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Hackers & Painters: Big Ideas from the Computer Age by [Graham, Paul]
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Hackers & Painters: Big Ideas from the Computer Age 1st , Kindle Edition

5.0 out of 5 stars 2 customer reviews

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Length: 271 pages Language: English

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"The computer world is like an intellectual Wild West, in which you can shoot anyone you wish with your ideas, if you're willing to risk the consequences. " --from Hackers & Painters: Big Ideas from the Computer Age, by Paul Graham

We are living in the computer age, in a world increasingly designed and engineered by computer programmers and software designers, by people who call themselves hackers. Who are these people, what motivates them, and why should you care?

Consider these facts: Everything around us is turning into computers. Your typewriter is gone, replaced by a computer. Your phone has turned into a computer. So has your camera. Soon your TV will. Your car was not only designed on computers, but has more processing power in it than a room-sized mainframe did in 1970. Letters, encyclopedias, newspapers, and even your local store are being replaced by the Internet.

Hackers & Painters: Big Ideas from the Computer Age, by Paul Graham, explains this world and the motivations of the people who occupy it. In clear, thoughtful prose that draws on illuminating historical examples, Graham takes readers on an unflinching exploration into what he calls "an intellectual Wild West."

The ideas discussed in this book will have a powerful and lasting impact on how we think, how we work, how we develop technology, and how we live. Topics include the importance of beauty in software design, how to make wealth, heresy and free speech, the programming language renaissance, the open-source movement, digital design, internet startups, and more.

Product details

  • Format: Kindle Edition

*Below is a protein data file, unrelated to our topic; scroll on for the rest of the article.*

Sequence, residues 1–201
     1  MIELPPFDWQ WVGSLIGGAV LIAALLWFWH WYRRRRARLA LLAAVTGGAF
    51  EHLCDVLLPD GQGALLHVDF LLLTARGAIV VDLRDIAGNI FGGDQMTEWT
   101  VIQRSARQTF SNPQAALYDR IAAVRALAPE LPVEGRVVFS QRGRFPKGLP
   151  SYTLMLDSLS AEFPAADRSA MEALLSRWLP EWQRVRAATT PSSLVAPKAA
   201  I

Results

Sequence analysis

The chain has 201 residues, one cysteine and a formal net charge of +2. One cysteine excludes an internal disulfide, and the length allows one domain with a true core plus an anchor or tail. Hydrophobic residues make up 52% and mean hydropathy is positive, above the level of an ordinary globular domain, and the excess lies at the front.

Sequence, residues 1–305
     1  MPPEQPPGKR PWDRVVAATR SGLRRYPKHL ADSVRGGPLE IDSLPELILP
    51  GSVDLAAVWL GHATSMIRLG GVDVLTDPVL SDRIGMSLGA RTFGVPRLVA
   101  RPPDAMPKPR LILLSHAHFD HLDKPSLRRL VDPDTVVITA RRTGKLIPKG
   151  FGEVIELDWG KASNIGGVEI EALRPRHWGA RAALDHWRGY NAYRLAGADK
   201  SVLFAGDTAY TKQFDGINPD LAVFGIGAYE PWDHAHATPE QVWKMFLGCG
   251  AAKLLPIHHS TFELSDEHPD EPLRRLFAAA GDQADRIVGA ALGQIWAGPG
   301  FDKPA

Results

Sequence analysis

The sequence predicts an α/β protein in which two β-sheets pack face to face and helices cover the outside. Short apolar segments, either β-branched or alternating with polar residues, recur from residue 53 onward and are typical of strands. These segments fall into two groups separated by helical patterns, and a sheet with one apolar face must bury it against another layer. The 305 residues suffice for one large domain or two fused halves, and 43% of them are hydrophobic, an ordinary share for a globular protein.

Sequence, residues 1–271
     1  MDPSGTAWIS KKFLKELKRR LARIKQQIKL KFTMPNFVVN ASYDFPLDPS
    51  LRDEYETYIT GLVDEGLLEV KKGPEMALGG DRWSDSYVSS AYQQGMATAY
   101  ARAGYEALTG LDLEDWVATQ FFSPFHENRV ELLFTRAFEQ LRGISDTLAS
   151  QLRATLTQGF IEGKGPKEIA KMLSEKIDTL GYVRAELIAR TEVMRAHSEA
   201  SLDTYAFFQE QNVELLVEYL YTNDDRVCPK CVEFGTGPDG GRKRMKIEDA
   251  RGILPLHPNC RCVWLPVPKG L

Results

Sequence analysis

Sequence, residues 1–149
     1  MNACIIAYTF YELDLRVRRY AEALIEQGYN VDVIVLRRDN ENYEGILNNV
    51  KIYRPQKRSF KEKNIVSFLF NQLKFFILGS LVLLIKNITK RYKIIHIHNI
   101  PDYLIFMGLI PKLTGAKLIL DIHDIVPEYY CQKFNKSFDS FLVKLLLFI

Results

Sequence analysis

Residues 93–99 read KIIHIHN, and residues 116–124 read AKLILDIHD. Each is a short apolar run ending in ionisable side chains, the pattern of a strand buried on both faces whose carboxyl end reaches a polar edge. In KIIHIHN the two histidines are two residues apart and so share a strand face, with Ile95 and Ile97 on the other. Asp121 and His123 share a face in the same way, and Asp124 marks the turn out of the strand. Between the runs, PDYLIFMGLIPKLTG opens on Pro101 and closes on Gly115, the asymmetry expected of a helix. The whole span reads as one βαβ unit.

• File Size: 1477 KB
  • Print Length: 271 pages
  • Simultaneous Device Usage: Unlimited
  • Publisher: O'Reilly Media; 1 edition (18 May 2004)
  • Sold by: Amazon Australia Services, Inc.
  • Language: English
  • ASIN: B0026OR2NQ
  • Text-to-Speech: Enabled
  • X-Ray:
  • Word Wise: Not Enabled
  • Enhanced Typesetting: Not Enabled
  • Average Customer Review: 5.0 out of 5 stars 2 customer reviews
  • Amazon Bestsellers Rank: #189,940 Paid in Kindle Store (See Top 100 Paid in Kindle Store)
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I like a book that's all meat and no padding, that's happy to have ten ideas in one paragraph without needing to expand each one into a chapter. This is that kind of book.
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Format: Kindle Edition
its the bread and butter of a nerd popularity sorted, fashion done, wona be a nerd, read what is before you. find out the diff between nerds and smartness
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Most Helpful Customer Reviews on (beta) (May include reviews from Early Reviewer Rewards Program) 4.2 out of 5 stars 111 reviews
6 of 6 people found the following review helpful
3.0 out of 5 stars Hackers and painters is a book which reads like a collection of random essays 5 January 2016
By Du Nguyen - Published on
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Hackers and painters is a book written by Paul Graham who ran a startup in the 1990’s which was later sold to Yahoo. He is now running Y Combinator.

Hackers and painters is a book which reads like a collection of random essays. The first few chapters is about the start of computing and about childhood while later chapters are about both starting a startup and socioeconomic policies. The last chapters are about programming languages where he strongly argues for lisp.

Anyone so have read one of his essays know how well articulate Graham can be and the this book is no exception. The chapters themselves are really well written even though he sometimes argues unconvincingly.

In the end I did not feel that this book was anything else than a collection of essays and while some are interesting, it does not save the entire book. A stronger focus and some narrative between the chapters would improve this book immensely.